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Here Goes Nothing


The four of us had a superstition at the time that you could never clean the van until the tour was over, so by the time we’d sling-shotted around the Golden Horseshoe and crossed the border westward towards home, we were up to our necks in an ocean of garbage. It was the same in our minds as shaving your playoff beard. Stained blankets, liquor bottles, half-eaten bags of potato chips, old rotten food, filthy blankets, sleeping bags, and who knows what else, formed a cemented, solidified wall around your body as you sat in the seat.


Whenever we’d pull up to a venue, a river of beer cans and empty two-sixes would come rushing out of the shotgun side door as it opened, like a sacrilegious baptism. For every cardinal sin we’d commit before, during, or after a show, we’d have that sacred half-hour onstage every night to seek forgiveness. Despite the harrowing feeling of guilt deep inside me, for every poor, desperate gas station attendant running horizontal through the rain, I knew that there’d be countless times I’d be back in Ottawa, and all those cities that we’d passed through to get there, in no time, to be redeemed.


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Ted Templeman


What gave me pause about “Jump” was my instinctive sense of what defined the Van Halen sound. When I produce an artist, I get a feel for what will likely work -- and not work -- on an album, especially when you’ve done five with them.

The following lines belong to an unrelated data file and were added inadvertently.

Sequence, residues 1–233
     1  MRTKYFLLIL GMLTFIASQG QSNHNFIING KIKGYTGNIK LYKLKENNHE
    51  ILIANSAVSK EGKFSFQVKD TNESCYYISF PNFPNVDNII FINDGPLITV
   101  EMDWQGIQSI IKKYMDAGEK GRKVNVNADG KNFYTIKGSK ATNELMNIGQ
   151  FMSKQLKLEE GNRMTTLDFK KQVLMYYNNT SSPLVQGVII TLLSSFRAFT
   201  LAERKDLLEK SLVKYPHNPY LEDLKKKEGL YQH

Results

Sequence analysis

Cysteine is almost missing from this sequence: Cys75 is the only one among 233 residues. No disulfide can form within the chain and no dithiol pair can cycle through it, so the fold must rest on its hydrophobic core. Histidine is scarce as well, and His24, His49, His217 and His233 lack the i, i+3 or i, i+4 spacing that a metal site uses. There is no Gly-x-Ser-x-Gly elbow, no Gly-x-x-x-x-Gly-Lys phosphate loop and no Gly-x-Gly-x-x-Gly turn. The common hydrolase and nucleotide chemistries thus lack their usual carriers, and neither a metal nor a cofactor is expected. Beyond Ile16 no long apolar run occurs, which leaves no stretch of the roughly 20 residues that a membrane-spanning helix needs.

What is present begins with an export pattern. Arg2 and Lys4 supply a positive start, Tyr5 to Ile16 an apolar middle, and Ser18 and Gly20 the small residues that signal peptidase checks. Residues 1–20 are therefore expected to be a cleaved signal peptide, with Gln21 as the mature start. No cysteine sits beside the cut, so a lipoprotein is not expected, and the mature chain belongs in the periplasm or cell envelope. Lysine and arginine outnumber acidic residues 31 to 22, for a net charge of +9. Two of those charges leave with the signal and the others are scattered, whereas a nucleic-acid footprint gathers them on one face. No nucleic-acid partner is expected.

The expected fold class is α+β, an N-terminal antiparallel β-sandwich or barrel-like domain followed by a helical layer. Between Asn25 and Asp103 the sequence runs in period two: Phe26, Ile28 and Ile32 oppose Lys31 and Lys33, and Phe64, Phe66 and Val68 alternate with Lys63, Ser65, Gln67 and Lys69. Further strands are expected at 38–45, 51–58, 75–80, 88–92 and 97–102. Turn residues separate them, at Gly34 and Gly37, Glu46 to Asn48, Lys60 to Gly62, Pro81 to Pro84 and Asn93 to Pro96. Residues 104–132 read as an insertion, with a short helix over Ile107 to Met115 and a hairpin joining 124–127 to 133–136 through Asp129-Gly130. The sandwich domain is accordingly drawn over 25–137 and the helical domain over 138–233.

To me, Van Halen wasn’t a pop group. Yes, they’d done “Dance the Night Away” and “Pretty Woman,” but that was as far afield from their raucous, primitive nature that I wanted them to go. “Jump” was way too pop to my ears. I wanted them to stay edgy and raw.


As I tried to explain to Ed and the guys, it wasn’t that I was “anti-keyboards.” Remember, I was completely fucking knocked out when Ed played me the piano riff for “Cradle” at Sunset Sound. Ed had played keyboards on “Dancing in the Street.” I know it sounds like an odd comparison, but the “Jump” riff didn’t sound like Ed’s “Ain’t Talkin’ ’bout Love” riff. That’s the stomping, powerful sound that I thought they should have kept pursuing. Even though Diver Down served its purposes, it was too pop for me. I liked the Fair Warning stuff better. I thought these guys should stay right in that pocket, and not go pop. To me, Van Halen doing “Jump” seemed analogous to Keith Richards pushing for the Stones to record something sappy like “You’ve Got a Lovely Daughter” by Herman’s Hermits right after they’d done “Brown Sugar.”